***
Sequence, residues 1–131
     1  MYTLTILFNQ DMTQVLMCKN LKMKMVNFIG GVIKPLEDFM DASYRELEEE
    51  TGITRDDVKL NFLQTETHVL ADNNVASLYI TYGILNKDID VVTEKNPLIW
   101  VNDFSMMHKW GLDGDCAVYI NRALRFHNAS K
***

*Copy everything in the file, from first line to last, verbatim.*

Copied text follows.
Sequence, residues 1–131
     1  MYTLTILFNQ DMTQVLMCKN LKMKMVNFIG GVIKPLEDFM DASYRELEEE
    51  TGITRDDVKL NFLQTETHVL ADNNVASLYI TYGILNKDID VVTEKNPLIW
   101  VNDFSMMHKW GLDGDCAVYI NRALRFHNAS K